where the symbol * represents the convolution product. At time t, I_{T}*∆T = ∑_{i=1,N’’}I_{T}(i).∆T(t-i) where N’’ is the duration of the impulse response of the atmosphere to a temperature pulse (an increase in temperature during one year). ∆T is the change in global temperature considered here as representative of the sea surface temperature anomalies at mid-latitudes.

Solving (4) consists in calculating the positive impulse response I_{T}(t):

I_{T}(t) ≥ 0 if 0 ≤ t ≤ N’’, I_{T}(t) = 0 if t<0 or t>N’’ (5)

and the lifetime N’ of anthropogenic CO2 to reduce the Root Mean Squared Error between the two members, the observed and modeled CO2. The result of this deconvolution calculation provides N’= 30 years. More precisely, the temperature is not involved at this time scale (the area of the impulse response is zero) and the increase in atmospheric carbon dioxide observed since 1850 is entirely due to combustion gases. This result is not surprising because the isotopic analysis of Vostok ice core shows that CO2 emissions due to degassing of the oceans takes several hundred years after a rise in global average temperature.

**Interpretation of results**

The lifetime of atmospheric CO2 results from its solubility in seawater, which solubility decreases with increasing temperature. A flow is established between the tropical oceans, which degas, and the mid-latitudes, which dissolve, benefiting from winds aloft.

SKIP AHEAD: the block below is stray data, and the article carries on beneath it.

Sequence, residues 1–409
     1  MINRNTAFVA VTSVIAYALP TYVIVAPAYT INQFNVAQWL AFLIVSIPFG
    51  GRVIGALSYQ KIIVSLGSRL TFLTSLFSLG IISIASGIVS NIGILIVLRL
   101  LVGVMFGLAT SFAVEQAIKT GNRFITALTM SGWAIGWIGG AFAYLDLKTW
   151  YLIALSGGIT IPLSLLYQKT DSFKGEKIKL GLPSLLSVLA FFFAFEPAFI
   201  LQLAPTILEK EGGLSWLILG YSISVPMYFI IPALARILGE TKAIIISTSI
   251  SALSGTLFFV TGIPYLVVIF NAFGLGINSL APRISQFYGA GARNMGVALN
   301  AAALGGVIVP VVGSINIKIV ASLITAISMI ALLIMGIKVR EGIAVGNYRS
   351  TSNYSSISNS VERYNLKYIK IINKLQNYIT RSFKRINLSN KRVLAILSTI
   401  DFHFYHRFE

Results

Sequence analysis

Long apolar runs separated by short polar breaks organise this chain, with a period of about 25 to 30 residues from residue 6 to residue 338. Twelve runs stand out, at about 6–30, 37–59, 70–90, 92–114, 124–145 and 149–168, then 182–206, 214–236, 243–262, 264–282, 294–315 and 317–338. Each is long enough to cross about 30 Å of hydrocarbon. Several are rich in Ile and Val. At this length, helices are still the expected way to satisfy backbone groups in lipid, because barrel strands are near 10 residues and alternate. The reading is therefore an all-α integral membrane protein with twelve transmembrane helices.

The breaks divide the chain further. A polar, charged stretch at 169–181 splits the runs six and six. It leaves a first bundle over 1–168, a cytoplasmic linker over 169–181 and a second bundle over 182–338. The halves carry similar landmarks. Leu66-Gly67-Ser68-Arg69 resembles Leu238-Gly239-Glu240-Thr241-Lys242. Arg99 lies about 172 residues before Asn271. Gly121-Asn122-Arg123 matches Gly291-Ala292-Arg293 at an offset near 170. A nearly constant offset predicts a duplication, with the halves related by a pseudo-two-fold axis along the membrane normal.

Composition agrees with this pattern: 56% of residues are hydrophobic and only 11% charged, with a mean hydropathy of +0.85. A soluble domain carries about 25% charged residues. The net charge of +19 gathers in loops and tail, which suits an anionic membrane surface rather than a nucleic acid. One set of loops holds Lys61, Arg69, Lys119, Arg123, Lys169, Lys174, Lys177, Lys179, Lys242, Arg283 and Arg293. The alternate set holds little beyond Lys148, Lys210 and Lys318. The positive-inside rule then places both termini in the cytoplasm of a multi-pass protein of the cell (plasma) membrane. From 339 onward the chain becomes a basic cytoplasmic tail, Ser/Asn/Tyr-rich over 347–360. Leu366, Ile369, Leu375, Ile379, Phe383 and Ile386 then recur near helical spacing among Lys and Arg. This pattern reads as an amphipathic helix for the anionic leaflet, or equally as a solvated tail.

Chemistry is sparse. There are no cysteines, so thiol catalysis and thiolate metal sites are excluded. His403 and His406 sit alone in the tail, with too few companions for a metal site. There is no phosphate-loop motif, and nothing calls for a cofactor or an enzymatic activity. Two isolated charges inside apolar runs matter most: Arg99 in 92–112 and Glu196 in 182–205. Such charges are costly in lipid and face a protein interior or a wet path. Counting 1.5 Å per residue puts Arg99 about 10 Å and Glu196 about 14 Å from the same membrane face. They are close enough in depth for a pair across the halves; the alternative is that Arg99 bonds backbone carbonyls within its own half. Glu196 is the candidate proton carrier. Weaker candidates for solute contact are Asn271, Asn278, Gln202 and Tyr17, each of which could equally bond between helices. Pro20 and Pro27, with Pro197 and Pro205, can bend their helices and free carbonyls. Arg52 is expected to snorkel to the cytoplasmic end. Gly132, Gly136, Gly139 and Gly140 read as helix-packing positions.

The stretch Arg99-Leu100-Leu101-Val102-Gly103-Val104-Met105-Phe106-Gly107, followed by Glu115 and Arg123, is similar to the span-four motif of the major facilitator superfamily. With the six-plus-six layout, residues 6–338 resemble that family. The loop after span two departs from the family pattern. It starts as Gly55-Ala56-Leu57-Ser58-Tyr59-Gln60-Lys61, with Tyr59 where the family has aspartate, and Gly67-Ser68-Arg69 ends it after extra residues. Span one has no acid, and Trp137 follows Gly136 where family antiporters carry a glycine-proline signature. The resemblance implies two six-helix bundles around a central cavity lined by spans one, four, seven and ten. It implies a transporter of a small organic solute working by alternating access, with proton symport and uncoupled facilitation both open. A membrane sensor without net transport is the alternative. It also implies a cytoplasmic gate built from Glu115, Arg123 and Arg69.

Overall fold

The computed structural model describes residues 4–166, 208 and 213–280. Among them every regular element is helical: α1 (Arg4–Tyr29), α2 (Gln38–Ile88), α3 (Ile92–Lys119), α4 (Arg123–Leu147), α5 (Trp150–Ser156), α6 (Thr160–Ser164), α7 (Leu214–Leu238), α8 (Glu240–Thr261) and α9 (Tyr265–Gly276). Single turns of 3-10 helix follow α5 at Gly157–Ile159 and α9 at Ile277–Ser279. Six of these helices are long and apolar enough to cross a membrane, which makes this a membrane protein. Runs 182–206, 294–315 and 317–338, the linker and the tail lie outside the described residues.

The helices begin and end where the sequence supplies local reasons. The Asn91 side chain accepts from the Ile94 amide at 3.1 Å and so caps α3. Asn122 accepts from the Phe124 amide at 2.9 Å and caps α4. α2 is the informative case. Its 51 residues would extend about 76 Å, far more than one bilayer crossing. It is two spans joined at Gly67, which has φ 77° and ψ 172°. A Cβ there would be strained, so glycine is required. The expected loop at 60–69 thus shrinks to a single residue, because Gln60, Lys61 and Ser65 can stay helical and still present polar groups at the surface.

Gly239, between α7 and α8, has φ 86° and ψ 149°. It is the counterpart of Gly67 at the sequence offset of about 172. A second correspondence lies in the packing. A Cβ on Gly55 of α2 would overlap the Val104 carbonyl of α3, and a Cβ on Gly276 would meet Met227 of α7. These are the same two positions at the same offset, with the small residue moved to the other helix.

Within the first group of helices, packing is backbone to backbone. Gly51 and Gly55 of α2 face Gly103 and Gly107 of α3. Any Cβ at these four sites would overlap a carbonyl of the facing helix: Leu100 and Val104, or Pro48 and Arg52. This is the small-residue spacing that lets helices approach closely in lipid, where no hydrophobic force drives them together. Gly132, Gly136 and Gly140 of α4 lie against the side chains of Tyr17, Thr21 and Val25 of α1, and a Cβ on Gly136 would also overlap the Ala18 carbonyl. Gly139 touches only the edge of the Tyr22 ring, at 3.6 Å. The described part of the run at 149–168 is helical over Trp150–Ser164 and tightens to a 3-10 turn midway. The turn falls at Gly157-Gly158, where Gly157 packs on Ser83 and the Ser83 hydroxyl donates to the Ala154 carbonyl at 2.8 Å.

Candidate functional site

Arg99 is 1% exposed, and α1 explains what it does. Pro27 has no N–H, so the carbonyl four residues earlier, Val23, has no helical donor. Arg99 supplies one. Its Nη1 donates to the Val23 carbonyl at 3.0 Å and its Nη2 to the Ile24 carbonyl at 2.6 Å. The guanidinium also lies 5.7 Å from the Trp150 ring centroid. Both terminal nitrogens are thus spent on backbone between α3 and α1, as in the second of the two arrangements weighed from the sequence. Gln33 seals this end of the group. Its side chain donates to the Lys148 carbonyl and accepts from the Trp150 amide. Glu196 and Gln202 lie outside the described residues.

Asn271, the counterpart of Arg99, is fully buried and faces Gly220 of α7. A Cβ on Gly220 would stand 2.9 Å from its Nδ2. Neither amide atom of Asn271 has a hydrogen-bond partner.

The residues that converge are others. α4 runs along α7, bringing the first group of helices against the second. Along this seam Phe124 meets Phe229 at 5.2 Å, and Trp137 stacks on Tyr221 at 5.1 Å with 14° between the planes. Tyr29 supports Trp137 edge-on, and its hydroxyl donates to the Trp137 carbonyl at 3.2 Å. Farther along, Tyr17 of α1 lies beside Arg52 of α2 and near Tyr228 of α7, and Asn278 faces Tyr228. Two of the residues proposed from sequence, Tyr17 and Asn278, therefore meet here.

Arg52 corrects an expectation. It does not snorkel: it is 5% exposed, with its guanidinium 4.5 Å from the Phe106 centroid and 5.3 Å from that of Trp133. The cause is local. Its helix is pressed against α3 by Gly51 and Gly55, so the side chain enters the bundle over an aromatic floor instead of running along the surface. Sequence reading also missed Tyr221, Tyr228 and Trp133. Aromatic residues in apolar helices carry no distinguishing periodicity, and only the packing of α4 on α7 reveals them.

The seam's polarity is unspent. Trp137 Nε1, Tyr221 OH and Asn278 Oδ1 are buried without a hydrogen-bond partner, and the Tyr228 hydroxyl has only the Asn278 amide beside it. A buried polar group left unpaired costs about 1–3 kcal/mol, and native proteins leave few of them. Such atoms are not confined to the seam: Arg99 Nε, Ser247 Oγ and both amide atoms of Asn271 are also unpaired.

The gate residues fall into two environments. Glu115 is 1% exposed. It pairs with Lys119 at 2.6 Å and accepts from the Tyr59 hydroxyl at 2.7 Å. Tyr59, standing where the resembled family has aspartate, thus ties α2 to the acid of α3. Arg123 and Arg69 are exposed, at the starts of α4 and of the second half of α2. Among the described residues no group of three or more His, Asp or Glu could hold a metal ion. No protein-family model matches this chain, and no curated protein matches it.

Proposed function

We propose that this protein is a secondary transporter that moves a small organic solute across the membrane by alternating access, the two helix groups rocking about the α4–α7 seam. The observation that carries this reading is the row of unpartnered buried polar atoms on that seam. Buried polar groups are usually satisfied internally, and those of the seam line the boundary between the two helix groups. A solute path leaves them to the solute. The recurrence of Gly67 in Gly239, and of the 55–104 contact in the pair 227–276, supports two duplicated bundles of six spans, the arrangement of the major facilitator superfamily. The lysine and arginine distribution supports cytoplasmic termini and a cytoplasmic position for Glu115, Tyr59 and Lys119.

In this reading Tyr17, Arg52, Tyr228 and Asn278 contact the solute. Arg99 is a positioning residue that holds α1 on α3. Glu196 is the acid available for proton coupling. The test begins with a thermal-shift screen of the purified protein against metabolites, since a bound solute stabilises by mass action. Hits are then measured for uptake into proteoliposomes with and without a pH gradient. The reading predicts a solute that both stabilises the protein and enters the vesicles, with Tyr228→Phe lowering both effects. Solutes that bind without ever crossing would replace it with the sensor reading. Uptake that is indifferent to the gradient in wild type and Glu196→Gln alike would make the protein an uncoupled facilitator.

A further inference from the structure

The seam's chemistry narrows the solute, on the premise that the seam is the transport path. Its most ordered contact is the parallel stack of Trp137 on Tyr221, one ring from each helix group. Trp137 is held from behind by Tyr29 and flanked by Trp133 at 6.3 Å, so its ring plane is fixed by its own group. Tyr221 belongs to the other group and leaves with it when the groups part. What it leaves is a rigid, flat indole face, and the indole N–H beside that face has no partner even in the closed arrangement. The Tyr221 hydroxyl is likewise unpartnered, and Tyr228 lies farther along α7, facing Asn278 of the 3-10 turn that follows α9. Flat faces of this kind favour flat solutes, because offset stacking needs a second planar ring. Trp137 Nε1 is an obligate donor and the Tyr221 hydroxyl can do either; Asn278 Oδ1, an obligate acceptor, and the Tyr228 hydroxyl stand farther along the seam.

The rapid equilibration of the isotopic composition of the atmosphere involves only the surface layer of the oceans and the biosphere (exchange of ^{13}CO2 and ^{12}CO2 molecules) while the sequestration of the atmospheric carbon dioxide occurs more in depth of the mixed layer of the oceans, carbonic acid being transformed into bicarbonates, then carbonates which precipitate.

Then, high contrast in durations of the impulse responses of ^{13}CO2 and CO2 reflect the different mechanisms involved. Neither the biosphere nor the ocean surface permanently sequester atmospheric CO2, whether it produces biomass through photosynthesis as it is restored in the mineralization process after the death of plants (with the exception of alkanes formed in the deep ocean and fjords from phytoplankton as well as peat), or it is absorbed by the ocean surface due to degassing.

The enrichment of the atmosphere in anthropogenic CO2 comes from increasing emissions. Suppose that these emissions stabilize at the level of 2013. In this case, the increase in the concentration of anthropogenic CO2 would continue until 2043 to reach 150 ppmv. Beyond this date a steady state would occur, the CO2 emitted being transformed into carbonates and organic matter (alkanes, peat). Note that this limit value of 150 ppmv does not depend on the shape of the impulse response, but only of its area. It states that, in the event that the emissions would be stabilized in 2013, the concentration of anthropogenic CO2 in the atmosphere would be more than half that of the natural CO2 (atmospheric CO2 concentration was 285 ppmv in 1850). This increase in CO2 concentration of 150 ppmv would be below the cumulative emissions that would be 325 ppmv in 2043. Therefore, nearly half of the anthropogenic CO2 emitted since the beginning of the industrial era would have been sequestered.

Future changes in the concentration of atmospheric CO2 is easily established from the assumptions on anthropogenic emissions expressed in ppmv per year by accumulating the annual emissions over the last 30 years. Everything suggests that it will continue to increase at the present rate for many years, and this regardless of the policies to reduce emissions of greenhouse gases implemented by the various states.